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By Wes Brown
The final revision for the University of Western Ontario Code of Student Conduct has been drafted and should be presented at the Nov. 17 Senate meeting.
Brain Timney, head chair of the advisory board on the code, said his main hope is that students find the code reasonable so there will not be a fight to get it passed at Senate.
"Our major point of departure between the [University Students' Council] and the board is formal proceedings of the disciplinary sanctions," he said. "The USC would have preferred a student court, much like a criminal one, that laid out every possible offence and its corresponding punishment."
Timney said sanctions for student misconduct include 13 degrees of severity, with penalties for the most serious offences being punishable by deregistration, suspension or expulsion.
"The main thrust is to punish those interfering in the ongoing academic opportunity to learn at this institution," he said, adding the code will affect all undergraduate and graduate students, affiliate colleges and masters of business and administration students.
Timney stated the destruction of another student's notes or computer disks as examples punishable offences, as well as instances involving representative bodies of the university.
"If an off campus event were officially sanctioned by the social science student council and a fight were to break out, then the board would try to apply the code to the situation," he said. "It's a grey area, but my feeling is that the university would apply this legislation."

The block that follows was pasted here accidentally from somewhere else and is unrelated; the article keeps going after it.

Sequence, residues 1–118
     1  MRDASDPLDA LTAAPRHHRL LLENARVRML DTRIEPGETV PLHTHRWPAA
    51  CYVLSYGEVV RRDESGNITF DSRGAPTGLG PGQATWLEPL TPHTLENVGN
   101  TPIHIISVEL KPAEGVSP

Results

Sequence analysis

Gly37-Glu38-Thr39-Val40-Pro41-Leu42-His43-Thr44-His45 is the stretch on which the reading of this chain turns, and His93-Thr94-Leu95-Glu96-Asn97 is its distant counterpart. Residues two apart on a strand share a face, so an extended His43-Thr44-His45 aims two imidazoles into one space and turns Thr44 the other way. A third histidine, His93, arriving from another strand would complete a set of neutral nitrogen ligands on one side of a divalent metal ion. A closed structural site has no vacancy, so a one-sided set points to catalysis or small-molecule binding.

Jeffrey Clayman, legal affairs officer for the USC, said there are a lot of outstanding issues. "This is in no way similar to codes at other universities and appears to place undue limitations upon the rights of all students."
Under the code, Clayman said students would be subject to simultaneous disciplinary proceedings under more than one university policy. He also said the code states an outright denial of legal counsel.
"Who is to advise a student to his or her rights?" he asked. "A student can be deregistered, suspended or expelled without having any legal consultation that's just not right."
Clayman the USC submitted a 20-page response to the original code 12 weeks ago. "It's understood we need a code, but we need to make sure it's done right."
USC president, Dave Braun, said the code is the biggest threat to student freedom the USC has ever seen. "This is one of the scariest documents I've ever seen. This is an issue that rivals Orientation."
Society of Graduate Students president, Fern Gauthier, said SOGS has already requested their removal from code. "We oppose our inclusion in this code and when it does go to Senate, I guess we'll have to fight for our position then."